Prior to following a gluten free diet, I worked as a baker, then pastry chef, then as a culinary instructor. When people discover this about me, they immediately want to know why I became gluten free. To them, someone like me would be the last person to follow this diet; a stalwart against the supposed fad-seekers and trend followers. So why? The answer is, "Because I had to." It can really be that simple.
The arc of most gluten free tales like my own is almost as predictable as a good ol' fashioned romance novel. I felt unwell. I sought medical advice. I tried a gluten free diet. I felt better. I wanted to confirm it was gluten, which in my case meant I really didn't want this to be the reason. I cheated. I got sick. I am now more diligent than ever. Sound familiar?
So, in order to spare you, I will not wring my hands, lament or wax poetic about the so-called cruel twists and turns of life. I will not tell my tale as a tale of gluten free woe. Rather, I can say resoundingly, that all my culinary experience has made this easier. And even though I now own my own business, I still consider myself a pastry chef. I haven't forgotten the language of "kitchen." It is a language of the eyes as well as the ears; the hands as well as the tongue. It was burned into my brain and body during my first job baking in a restaurant. My chef was economical with words, spoke in fractured sentences, scolded with his eyes, shouted orders while walking away, and taught through quick demonstration. Shut up and keep up. The message was clear. And I was hooked.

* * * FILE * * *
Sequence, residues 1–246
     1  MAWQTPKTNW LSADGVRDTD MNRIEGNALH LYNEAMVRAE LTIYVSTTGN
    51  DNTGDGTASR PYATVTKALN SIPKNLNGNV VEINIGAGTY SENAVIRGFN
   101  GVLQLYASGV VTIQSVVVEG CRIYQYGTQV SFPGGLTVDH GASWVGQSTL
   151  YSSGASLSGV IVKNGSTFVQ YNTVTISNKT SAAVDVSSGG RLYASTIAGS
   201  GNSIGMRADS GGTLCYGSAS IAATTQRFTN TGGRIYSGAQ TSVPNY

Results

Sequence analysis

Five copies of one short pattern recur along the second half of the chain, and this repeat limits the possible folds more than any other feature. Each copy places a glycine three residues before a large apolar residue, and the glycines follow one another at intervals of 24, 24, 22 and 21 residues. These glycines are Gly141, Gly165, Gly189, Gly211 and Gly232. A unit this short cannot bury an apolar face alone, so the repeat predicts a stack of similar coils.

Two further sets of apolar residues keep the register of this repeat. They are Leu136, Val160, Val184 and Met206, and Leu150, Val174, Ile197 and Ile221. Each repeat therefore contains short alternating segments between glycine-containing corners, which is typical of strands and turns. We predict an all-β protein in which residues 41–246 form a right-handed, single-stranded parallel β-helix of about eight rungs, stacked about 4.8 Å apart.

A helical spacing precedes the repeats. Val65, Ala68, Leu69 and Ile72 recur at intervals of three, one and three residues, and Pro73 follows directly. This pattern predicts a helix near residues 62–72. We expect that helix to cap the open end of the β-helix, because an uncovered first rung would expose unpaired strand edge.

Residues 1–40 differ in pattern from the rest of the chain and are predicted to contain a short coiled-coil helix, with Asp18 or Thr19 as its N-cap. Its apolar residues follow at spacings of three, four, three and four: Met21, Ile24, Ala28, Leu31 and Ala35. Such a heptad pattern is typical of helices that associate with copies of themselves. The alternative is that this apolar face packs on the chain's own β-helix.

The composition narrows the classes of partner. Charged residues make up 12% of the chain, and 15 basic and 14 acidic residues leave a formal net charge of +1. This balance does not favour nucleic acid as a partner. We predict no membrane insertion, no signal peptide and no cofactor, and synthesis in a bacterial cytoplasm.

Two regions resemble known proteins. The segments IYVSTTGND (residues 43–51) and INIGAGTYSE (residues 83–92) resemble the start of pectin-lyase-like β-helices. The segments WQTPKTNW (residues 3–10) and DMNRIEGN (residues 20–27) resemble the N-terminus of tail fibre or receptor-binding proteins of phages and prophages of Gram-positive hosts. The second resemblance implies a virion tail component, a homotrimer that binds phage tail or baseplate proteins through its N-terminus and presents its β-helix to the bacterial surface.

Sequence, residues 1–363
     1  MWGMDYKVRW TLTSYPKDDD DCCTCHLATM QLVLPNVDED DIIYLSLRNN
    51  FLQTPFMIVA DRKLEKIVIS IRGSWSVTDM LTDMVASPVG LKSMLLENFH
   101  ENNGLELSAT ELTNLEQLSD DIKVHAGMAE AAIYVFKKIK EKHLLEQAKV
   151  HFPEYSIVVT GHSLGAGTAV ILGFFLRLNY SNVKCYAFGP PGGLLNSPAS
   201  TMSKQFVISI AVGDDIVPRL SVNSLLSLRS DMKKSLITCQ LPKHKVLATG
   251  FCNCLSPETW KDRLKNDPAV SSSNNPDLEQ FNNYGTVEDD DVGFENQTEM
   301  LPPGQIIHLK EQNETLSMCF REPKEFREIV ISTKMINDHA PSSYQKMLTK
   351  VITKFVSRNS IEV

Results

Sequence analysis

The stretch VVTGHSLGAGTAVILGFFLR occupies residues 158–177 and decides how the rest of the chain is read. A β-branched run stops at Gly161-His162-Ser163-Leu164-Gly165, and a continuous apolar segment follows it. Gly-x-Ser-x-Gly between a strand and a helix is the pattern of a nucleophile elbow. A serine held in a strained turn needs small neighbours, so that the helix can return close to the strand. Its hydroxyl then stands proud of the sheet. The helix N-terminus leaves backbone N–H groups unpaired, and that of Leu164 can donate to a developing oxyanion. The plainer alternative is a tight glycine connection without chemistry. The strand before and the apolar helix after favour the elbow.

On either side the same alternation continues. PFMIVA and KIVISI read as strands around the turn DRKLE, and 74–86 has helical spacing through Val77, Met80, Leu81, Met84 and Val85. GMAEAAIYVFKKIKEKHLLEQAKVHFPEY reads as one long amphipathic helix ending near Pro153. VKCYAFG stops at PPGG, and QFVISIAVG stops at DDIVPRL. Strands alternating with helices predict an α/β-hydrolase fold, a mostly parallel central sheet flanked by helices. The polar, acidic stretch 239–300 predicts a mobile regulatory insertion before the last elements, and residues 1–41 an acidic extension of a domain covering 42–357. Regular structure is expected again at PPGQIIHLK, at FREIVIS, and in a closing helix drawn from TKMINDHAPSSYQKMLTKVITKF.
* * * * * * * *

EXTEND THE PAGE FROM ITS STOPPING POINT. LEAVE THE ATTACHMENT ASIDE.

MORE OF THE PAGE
Oddly, in an industry that runs short on explanations and hates follow-up questions, I found I was good at explaining and training. Creating food was my passion but teaching about food was a unique skill I possessed. Thankfully I was allowed to combine the two. The language of culinary instructor is like kitchen-speak only it is a softer, more lilting, more romantic dialect. Culinary school was the place for whys and what-ifs. A safe place to go slow, to try new things, to fail. Students had paid for the privilege of time, explanations and above all, patience. Upon diagnosis, I became a lame duck. Sure I had lots of information to share and techniques to demonstrate, but I. Could. Not. Taste. The. Food. My students deserved better. I deserved more. Cheatin' Wheat was born.
Now I am a business owner, a woman entrepreneur and all that jazz...Uh-huh. At heart I am still a baker and a teacher. I just happen to be gluten free. Is it different? Not really. The fundamentals of good baking and good kitchen sense still apply. I use all those lessons learned years ago, everyday.